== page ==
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In my postgres DB, have an assets and a sales table. The current owner of an asset is identified by an Ethereum address with 42 characters, e.g. 0x81238432CE9b51Fbc2b59AFD74Ba8D09863B8B00. A sale has a seller and a buyer, both identified with Ethereum addresses as well.

Instead of storing the Ethereum addresses in the assets table (owner_address), and the sales table (seller_address, buyer_address), I'm wondering if it's better to create an addresses table with an integer primary key and an address field with a unique constraint.

The assets and sales table would refer to the addresses via foreign keys. I still need to be able to make fast queries and fetch all assets owned, sold, or bought by a certain address.

I could save quite a bit of storage space, and I could store additional info with an address, e.g. a username (I'm storing the username in the assets table currently). On the other hand, inserting new assets and sales is more complicated. I would need to find out if the address already exists in the addresses table and refer to it, or create a new address.

Does it make sense to create a separate addresses table or am I just introducing unnecessary complexity? Storage space is not that big of a problem, but I'll have millions of assets and sales eventually...

An owner is identified by the address (the address is the owner). But an address/owner can own many assets, and be the buyer and seller of many assets. So there's a lot of address redundancy in my tables.

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  • This is nothing to do with database normalization, either in the sense of putting into a 1NF or the sense of putting into higher NFs.
    – philipxy
    Commented Mar 23, 2022 at 11:56

2 Answers 2

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This is a bit of an opinion based question, but if you have a natural primary key for an entity, you might as well use it. To avoid wasting space, you could convert the hexadecimal string to a number.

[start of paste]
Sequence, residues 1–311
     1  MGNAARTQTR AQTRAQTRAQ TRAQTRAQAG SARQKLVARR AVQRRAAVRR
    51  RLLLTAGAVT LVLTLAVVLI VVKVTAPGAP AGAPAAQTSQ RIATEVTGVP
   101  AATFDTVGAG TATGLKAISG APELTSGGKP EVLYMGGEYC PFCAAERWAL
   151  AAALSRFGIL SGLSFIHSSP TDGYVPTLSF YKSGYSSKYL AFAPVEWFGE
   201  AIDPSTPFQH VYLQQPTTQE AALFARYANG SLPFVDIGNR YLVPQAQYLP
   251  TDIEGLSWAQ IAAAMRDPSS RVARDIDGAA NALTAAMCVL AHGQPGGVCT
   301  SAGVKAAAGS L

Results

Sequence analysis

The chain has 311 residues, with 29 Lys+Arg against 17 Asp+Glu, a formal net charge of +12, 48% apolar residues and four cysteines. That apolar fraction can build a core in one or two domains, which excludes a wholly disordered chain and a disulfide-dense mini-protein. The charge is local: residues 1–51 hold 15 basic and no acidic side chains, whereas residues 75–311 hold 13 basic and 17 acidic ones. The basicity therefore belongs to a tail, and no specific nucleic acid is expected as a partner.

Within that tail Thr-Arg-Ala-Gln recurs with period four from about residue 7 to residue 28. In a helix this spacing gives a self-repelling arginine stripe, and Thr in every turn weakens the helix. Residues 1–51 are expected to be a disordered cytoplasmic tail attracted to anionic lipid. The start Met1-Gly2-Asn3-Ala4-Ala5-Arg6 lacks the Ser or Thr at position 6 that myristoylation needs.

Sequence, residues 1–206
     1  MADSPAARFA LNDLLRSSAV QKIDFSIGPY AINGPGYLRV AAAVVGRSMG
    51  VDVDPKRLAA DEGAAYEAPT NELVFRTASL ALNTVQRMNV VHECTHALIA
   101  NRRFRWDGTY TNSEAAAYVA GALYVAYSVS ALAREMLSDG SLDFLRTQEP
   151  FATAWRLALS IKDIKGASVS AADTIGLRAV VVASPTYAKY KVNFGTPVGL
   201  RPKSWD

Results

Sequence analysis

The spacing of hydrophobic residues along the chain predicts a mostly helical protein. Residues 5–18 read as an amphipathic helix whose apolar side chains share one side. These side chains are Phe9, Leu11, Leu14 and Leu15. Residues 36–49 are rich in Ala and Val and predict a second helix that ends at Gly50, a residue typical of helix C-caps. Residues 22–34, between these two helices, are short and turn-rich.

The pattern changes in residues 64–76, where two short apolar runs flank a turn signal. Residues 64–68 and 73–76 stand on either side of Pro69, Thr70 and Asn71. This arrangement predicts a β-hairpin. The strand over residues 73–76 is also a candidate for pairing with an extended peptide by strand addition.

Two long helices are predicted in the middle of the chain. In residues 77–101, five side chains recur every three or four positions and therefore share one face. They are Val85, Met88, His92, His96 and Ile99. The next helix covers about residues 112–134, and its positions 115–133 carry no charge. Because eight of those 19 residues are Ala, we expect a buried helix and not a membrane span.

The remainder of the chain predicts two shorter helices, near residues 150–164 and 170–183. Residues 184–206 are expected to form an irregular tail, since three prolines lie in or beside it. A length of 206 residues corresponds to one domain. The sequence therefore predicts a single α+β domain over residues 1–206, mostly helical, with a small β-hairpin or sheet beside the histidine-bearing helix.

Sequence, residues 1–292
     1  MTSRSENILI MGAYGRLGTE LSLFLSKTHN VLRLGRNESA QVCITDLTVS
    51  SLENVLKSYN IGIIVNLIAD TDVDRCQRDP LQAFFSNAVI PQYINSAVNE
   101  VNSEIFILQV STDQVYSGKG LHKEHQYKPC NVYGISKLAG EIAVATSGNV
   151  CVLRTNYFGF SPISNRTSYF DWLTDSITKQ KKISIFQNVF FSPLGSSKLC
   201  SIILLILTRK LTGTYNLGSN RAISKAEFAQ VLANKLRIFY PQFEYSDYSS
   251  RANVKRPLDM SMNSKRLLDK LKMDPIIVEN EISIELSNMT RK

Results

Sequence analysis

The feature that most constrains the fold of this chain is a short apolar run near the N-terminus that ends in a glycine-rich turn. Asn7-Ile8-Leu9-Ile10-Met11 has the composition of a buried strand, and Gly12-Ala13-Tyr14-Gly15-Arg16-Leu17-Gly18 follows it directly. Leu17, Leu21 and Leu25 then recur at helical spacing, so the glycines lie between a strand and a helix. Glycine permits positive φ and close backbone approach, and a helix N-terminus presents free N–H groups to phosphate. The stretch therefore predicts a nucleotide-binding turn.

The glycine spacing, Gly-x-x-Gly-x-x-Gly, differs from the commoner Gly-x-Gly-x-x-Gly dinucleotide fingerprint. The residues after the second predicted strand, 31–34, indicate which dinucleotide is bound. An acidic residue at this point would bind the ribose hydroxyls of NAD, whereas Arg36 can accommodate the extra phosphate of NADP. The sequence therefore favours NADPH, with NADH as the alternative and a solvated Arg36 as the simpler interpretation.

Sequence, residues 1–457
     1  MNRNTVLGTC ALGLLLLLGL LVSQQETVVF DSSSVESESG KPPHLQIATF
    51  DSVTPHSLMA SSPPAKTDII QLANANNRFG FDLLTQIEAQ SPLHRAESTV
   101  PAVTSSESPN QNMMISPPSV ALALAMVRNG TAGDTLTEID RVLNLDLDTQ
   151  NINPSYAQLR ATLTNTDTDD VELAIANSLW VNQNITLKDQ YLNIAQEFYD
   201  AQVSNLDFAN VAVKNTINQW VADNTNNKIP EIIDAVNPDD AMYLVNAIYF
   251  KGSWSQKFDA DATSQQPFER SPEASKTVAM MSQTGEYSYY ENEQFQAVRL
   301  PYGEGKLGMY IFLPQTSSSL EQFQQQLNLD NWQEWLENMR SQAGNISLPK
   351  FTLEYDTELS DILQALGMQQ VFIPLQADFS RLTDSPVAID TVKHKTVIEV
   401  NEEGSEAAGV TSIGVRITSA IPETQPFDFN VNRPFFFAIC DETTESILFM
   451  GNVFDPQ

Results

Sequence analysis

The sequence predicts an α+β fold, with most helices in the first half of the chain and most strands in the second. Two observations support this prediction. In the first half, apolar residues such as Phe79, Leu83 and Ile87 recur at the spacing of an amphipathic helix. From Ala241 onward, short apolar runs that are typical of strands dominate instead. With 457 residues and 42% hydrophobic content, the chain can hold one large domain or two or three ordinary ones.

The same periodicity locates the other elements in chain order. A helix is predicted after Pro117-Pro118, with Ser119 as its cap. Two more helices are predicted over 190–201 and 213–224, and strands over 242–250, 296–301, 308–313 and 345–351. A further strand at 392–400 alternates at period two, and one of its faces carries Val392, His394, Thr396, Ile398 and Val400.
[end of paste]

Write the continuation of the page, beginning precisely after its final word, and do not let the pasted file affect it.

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  • Postgres bytearray (bytea) with 20 bytes would be the best choice I think.
    – aimfeld
    Commented Mar 24, 2022 at 21:32
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If these addresses can be reused by multiple owners, then this might make sense. You'd save some space by having only the integer id in the owner records, plus the table holding the integer id and each address, plus the overhead of indexes for getting to and from that other table.

However, if as I suspect the identifiers are unique to each owner, then there's nothing to be gained by splitting this value out into another table.

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  • An owner is identified by the address (the address is the owner). But an address/owner can own many assets, and be the buyer and seller of many assets. So there's a lot of address redundancy in my tables.
    – aimfeld
    Commented Mar 23, 2022 at 9:51
  • OK, that makes a big difference. Storing just an 8-byte [big] integer value in all those other tables (instead of a 42 character field) could save you a /lot/ of space (especially with all the indexes that will be built on them!) It also allows the address to change over time (which may or may not be a "thing") /without/ causing major upheaval in your database every time it does.
    – Phill W.
    Commented Mar 23, 2022 at 9:59

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